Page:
WASHINGTON -- For high school teacher Philip Bigler, history should be lived and breathed if teen-agers are to learn.
And if students live and breathe something, they get riled up as well, says Bigler, 45, named Wednesday as the 1998 National Teacher of the Year.
Like when students manage the 1960 presidential race between John Kennedy and Richard Nixon, using computer simulations to follow the candidates' progress in each state: "Kids are standing on desks screaming and yelling."
Even if Kennedy doesn't always win in the replay, he said in an interview, students acquire a deep understanding of issues, campaign finance, polling and a defining election for postwar America.
In Bigler's classes, students also become members of a Greek polis to debate issues of their day and merits of their societies, made a sacred pilgrimage to Mecca, argued the death penalty before the Supreme Court and recreated the court-martial of Lt. William Calley, leader of the Army platoon that massacred civilians at My Lai, Vietnam.
"You become personally invested," said Amanda L. Neville, 21, a Georgetown University senior who took courses under Bigler at McLean High School in a comfortable Virginia suburb of the capital. "You take on a part of history."
Neville, an English major, argued the death penalty in the 12th grade for an advanced placement government course. She researched Supreme Court documents at the Library of Congress.
It doesn't hurt to be a teacher near Washington, D.C., and within a short drive of Civil War battlefields. Students interview residents of the Soldier's and Airmen's Home for firsthand accounts of the world wars.
Neville's charges also visit Gettysburg, recreating the battle as experienced by Joshua Chamberlain, one of four officers whose experiences were recreated in Michael Shaara's 1975 historical novel, "The Killer Angels."
"The kids see how important point of view is in writing," said Bigler.
And it helps to be a working historian, with a master's degree in American studies. A teacher for 20 years, Bigler took a couple of years off to write an official history of Arlington National Cemetery.
He's written the story of Lt. Sharon Ann Lane,the only U.S. servicewoman killed by direct enemy fire in Vietnam. And as time allows while doing promotional tours as teacher of the year, he will write an account of the final months of Franklin Delano Roosevelt.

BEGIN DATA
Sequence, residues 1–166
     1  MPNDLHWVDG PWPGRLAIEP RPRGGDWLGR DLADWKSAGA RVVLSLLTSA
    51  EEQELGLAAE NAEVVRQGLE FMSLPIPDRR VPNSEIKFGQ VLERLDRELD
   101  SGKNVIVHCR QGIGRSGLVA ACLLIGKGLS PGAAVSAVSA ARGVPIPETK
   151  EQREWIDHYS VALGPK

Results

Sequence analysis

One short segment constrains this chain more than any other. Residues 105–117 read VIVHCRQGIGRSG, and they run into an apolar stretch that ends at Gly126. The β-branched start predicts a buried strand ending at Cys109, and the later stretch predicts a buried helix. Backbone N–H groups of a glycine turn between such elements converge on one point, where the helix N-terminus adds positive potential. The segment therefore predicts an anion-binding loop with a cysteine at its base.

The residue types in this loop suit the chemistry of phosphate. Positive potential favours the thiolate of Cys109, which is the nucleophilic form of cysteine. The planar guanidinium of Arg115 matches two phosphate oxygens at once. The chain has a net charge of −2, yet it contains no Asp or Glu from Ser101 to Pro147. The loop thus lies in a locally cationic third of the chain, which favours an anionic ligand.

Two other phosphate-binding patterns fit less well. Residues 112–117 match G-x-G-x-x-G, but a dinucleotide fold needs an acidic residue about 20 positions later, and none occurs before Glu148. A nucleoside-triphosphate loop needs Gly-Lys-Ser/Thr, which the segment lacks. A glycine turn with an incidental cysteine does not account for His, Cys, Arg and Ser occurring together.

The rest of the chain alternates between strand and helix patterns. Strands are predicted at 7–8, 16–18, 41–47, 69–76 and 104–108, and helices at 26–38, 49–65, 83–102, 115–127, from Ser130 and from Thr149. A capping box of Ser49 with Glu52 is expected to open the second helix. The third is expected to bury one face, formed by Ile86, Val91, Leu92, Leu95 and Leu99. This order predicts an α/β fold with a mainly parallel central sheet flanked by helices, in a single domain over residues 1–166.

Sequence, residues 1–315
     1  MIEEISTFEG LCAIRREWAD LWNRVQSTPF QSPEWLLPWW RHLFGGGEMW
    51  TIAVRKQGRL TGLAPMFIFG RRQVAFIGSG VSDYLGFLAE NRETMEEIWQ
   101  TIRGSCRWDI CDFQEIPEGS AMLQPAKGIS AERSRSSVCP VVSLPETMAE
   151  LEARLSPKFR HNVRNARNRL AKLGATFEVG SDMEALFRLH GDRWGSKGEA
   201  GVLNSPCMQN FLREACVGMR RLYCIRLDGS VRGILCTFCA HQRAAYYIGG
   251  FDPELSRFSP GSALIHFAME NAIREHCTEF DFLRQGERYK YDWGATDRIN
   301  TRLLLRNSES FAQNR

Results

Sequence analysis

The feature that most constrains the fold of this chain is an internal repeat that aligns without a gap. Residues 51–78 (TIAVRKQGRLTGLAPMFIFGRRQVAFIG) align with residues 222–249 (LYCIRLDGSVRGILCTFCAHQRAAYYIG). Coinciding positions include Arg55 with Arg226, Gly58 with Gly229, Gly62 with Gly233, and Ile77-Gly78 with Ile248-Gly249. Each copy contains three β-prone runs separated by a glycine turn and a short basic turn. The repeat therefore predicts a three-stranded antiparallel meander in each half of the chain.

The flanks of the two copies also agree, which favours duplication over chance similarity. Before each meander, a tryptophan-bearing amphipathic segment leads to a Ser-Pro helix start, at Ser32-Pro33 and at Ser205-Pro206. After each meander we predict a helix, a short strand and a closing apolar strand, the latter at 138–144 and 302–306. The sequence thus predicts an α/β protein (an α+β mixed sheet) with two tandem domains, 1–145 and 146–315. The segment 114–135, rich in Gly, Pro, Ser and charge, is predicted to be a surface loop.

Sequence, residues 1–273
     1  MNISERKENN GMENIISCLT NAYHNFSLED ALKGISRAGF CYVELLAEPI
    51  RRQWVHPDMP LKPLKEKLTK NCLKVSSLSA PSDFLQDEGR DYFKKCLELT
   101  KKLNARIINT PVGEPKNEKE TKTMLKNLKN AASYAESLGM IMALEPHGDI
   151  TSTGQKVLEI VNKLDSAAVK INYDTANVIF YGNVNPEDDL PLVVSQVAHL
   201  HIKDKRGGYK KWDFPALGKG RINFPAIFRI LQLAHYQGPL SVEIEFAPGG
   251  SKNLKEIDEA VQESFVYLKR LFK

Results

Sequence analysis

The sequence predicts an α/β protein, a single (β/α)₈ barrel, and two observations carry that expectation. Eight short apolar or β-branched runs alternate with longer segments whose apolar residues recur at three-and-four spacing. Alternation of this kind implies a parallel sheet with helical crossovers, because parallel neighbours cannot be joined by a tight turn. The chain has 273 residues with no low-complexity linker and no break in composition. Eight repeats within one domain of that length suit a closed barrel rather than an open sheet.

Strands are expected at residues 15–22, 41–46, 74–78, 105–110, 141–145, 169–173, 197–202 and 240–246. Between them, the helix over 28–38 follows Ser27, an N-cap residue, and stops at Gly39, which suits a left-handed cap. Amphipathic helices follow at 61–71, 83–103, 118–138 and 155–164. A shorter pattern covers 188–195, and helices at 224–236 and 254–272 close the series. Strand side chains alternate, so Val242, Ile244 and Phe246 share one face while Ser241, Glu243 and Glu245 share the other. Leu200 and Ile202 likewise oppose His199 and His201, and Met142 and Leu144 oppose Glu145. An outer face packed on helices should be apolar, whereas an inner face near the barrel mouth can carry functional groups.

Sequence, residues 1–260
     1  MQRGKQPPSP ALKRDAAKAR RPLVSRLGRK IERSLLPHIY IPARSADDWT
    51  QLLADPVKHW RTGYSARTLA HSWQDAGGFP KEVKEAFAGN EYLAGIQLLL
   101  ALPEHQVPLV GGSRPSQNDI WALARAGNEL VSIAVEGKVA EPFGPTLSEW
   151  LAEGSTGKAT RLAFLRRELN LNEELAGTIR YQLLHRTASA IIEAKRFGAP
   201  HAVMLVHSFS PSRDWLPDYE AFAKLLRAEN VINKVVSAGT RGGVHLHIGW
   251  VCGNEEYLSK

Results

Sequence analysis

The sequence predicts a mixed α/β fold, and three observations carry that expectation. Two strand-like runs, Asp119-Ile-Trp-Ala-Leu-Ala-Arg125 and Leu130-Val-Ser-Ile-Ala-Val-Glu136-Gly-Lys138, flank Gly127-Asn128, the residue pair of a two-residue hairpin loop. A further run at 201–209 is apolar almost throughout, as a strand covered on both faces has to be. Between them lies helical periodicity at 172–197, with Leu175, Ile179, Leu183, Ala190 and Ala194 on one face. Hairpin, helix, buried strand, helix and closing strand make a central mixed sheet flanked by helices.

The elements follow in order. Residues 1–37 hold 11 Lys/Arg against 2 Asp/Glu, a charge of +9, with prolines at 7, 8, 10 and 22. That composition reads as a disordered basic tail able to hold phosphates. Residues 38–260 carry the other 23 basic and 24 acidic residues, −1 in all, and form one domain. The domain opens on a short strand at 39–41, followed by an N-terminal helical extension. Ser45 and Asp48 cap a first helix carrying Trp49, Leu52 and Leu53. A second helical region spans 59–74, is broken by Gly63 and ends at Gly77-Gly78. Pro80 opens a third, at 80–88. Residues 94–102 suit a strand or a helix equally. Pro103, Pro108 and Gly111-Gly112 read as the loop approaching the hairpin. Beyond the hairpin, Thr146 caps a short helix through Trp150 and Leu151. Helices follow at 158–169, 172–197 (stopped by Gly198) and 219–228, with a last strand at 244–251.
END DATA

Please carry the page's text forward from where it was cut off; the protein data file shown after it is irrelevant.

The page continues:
History has been a living matter for Bigler, who grew up in a Navy family and moved to northern Virginia from Florida in the 1960s. Though not a veteran, he was inspired by Marine Col. Ralph Sullivan, who taught American history and Latin American history at Oakton High School in Vienna, Va., directly after returning from combat in Vietnam.
"He challenged me intellectually," said Bigler, who taught for a while at the same high school but doesn't know Sullivan's whereabouts. "He showed me that you never were going to know enough, you have to continue to learn."
"To help young people in the same ways that my teachers helped me is both a privilege and an honor," said Bigler.
Despite the historical simulations that figured into the award by the National Council of Chief State School Officers and Scholastic publishers, Bigler also assigns a heavy dose of reading, "the key for all learning," he said.
For the past two years, he's been teaching juniors at the Thomas Jefferson High School for Science and Technology, an exclusive magnet school. Most are Internet wizards who instinctively turn to the Web for research materials, which always means a glut of information. He helps students evaluate Web sites.
"You get this pile of papers, and there's so much stuff that ... it's hard for them to sort out what's important and what's not," he said. "As a historian, you have to be able to assess the credibility of any kind of source you have."
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